But recently Romney altered his position, rather obviously in order to win the
votes of conservative Christians whose "faith" leads them to ignore
facts and science. Romney now opposes spending money to address global warming
because it can't be "proven" that human beings are "responsible." Well, the
dinosaurs weren't "responsible" for asteroids hitting the earth and leading to the
climate change that caused their extinction, but they became extinct
nonetheless. President Barack Obama has taken the much more
intelligent and reasonable position that we
need to do whatever we can to do to deal with a warming planet and rising sea
levels. Republicans like Romney are pandering to irrational people in order to
obtain their votes and campaign contributions. That is obviously a very foolish,
very dangerous thing to do.
In my opinion, Mitt Romney is neither resolute, nor acting responsibly. He seems
to believe that his getting elected president is vastly more important that what
happens to our planet, more than eight billion human beings and trillions of
The Romney-Bot Delivers Standard GOP Propaganda
Mitt Romney certainly looks "presidential," but if we tear our eyes away
from his impressive figure long enough to actually heed his words, he sounds like a
robot programmed to mindlessly drone the standard Republican mantras:
"Everything bad that ever happened to Americans is the fault of Barack
Obama, and if you elect me I will wave my magic wand and fix everything my first
day in office, by repealing this, that and the other piece of socialistic legislation."
He makes it sound as if jobs and money will fall magically from trees, the day
he becomes president.
But like most robots, Romney seems to lack empathy for
average Americans. He is certainly no Ronald Reagan. While he’s not as creepy as
Richard Nixon, he seems even more implausibly remote
and alien. Take, for example, his recent remark that "I’m not concerned about
the very poor. We have a safety net there. If it needs a repair, I’ll fix it.
I’m not concerned about the very rich; they’re doing just fine." He seems to
somehow calmly equate the pain-wracked struggles of the very poor with the mild
discomforts of the very rich (who just happen to be his friends).
And there seems to be a pattern of such disconnects. Not long ago,
Romney opined that his speaking fees of $374,327 for a single year were
"not very much." In June of 2011, he told unemployed Florida workers that he understood their plight,
saying. "I’m also unemployed. I’m networking. I have my sight on a particular
job." If he was trying to be funny, the joke undoubtedly fell flat, because
Romney has a personal safety net of $250 million and doesn't need the "job" he's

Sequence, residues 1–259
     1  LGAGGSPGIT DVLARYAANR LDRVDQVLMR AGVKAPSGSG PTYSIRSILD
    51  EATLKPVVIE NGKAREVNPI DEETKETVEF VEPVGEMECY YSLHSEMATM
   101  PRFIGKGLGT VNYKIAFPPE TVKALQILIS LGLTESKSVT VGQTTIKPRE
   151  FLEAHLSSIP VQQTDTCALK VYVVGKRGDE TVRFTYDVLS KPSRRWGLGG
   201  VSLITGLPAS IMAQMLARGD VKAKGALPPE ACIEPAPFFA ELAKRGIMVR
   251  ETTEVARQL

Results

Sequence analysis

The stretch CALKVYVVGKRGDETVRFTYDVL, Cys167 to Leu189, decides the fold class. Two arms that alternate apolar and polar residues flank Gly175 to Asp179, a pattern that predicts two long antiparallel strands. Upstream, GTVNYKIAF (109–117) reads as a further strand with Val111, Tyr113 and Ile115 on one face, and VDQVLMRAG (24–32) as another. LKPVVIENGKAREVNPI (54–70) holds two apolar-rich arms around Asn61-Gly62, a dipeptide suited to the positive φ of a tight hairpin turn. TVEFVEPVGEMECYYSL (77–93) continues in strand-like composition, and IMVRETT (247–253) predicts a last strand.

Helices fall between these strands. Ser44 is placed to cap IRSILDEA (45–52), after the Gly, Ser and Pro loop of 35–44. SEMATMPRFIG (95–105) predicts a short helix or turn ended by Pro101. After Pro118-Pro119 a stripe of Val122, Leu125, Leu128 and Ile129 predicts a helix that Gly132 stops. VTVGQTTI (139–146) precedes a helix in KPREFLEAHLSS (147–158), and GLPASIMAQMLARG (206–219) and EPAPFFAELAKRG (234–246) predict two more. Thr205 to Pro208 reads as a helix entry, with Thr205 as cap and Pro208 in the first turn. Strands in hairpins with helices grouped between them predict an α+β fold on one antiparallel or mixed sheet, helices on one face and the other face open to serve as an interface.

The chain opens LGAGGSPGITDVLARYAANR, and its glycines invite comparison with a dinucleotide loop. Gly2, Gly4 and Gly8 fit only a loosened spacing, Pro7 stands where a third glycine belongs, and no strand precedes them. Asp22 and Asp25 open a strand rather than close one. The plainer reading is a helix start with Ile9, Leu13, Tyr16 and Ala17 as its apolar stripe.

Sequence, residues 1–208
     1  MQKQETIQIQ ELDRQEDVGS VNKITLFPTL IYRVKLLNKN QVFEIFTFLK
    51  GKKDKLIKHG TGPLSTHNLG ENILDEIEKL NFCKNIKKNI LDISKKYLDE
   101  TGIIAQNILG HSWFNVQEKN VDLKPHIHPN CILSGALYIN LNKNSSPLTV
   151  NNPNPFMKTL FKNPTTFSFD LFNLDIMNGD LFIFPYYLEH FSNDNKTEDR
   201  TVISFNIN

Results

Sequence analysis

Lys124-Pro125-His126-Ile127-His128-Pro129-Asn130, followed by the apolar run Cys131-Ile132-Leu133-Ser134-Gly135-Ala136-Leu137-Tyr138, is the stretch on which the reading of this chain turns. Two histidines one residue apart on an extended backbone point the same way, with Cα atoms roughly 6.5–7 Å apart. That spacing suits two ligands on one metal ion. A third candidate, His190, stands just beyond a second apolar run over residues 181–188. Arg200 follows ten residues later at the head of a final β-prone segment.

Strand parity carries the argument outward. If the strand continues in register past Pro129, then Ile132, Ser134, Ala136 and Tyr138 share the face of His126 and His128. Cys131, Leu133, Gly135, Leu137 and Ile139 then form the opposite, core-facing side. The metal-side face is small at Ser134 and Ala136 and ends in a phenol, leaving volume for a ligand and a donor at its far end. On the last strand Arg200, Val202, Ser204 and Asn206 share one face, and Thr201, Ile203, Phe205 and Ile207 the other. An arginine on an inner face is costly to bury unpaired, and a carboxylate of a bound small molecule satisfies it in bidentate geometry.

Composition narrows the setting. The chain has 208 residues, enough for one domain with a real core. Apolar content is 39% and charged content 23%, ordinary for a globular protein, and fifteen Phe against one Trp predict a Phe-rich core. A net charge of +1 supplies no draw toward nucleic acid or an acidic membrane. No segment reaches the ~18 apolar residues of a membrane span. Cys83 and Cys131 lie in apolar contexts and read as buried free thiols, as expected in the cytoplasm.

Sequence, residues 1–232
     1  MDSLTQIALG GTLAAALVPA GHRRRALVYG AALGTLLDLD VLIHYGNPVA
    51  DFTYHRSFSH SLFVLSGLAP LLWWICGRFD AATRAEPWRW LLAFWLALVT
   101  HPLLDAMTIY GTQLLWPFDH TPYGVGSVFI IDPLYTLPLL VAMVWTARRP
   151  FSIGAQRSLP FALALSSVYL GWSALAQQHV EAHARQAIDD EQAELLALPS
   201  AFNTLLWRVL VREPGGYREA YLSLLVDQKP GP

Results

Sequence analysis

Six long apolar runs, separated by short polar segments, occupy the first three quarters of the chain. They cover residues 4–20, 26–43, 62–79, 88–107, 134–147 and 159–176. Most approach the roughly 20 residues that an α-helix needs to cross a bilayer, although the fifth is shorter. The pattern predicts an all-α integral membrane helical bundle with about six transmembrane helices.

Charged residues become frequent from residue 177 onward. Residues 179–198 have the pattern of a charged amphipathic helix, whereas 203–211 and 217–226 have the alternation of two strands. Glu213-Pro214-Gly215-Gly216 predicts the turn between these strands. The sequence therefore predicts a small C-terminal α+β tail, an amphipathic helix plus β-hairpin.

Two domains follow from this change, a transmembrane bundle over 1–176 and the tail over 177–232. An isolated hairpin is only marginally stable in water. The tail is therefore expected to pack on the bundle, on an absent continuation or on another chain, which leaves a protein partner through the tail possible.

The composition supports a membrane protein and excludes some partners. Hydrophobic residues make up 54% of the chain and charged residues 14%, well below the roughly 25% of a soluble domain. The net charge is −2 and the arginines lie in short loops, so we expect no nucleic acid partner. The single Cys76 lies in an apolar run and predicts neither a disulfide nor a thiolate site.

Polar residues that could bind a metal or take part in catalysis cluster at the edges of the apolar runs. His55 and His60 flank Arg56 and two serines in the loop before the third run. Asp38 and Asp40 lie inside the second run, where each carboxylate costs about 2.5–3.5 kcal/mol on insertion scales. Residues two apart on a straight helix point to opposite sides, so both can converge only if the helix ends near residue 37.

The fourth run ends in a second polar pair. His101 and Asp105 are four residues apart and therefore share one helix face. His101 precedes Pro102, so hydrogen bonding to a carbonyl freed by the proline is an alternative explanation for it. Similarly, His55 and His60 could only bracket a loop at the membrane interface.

seeking in order to feed his family. At one of the early Republican debates,
he offered to bet Rick Perry $10,000 — an amount that, however facetious,
reminded voters just how rich Romney really is, and how carefree he is about money.
Romney’s $101 Million Cayman Island IRA
How did Mitt Romney end up with a
$101 million Cayman Island IRA? It seems Romney may have sheltered all
or most of his Bain Capital wealth from taxes by putting it into an offshore "IRA" and
only allowing it to be valued correctly once the appreciation was protected from
taxes. If there is some other reasonable explanation for how anyone's IRA can be
so huge, when contributions are limited to a few thousand dollars per year, I'd
like to hear it.
I first became suspicious about Romney's finances when he
started squirming like a fish out of water when asked
about releasing his tax returns during a Republican presidential debate. I was sure at that moment that
there was something in his tax returns that he didn't want the public to see.
Ironically, Romney's father, George W. Romney, had voluntarily released his tax
returns for twelve years when he became a presidential candidate in 1967.
But Mitt Romney's public squirmings told me that something was obviously wrong
with his tax returns. Then later something in a
article about his tax returns caught my eye, because a single Bain fund was valued at $5 million to
$25 million, and yet it was called only "part" of his total IRA. Most
IRAs are relatively small because the contributions are capped at a few thousand
dollars per year. Romney's IRA seemed impossibly large, and it also seemed extremely
odd that it was made up of multiple offshore Bain investments in the
Cayman Islands, which are world-famous for two things: beautiful beaches and
hideous tax shelters. So I began trying
to determine what Romney's full IRA amounted to. Here's a Reuters report that I
found on the subject ...
How did Romney's IRA grow so big?
by Lynnley Browning
Monday, January 23, 2012
In the wake of news reports last week that presidential contender Mitt Romney
owns an individual retirement account worth as much as $101 million, questions
are growing over how it could have gotten so big when contribution limits are
capped at $5,000 or $6,000 a year.
Tax lawyers and accountants suggest an answer: Romney may have made use of an
Internal Revenue Service loophole that allows investors to undervalue interests
in investment partnerships when first putting them into an IRA. These assets can
produce returns far in excess of those that could be generated from other
investments made at the capped level.
An investor could even set an initial value for a partnership interest at
zero dollars, because under tax regulations an interest in a partnership
represents future income, not current value, said Chris Sanchirico, co-director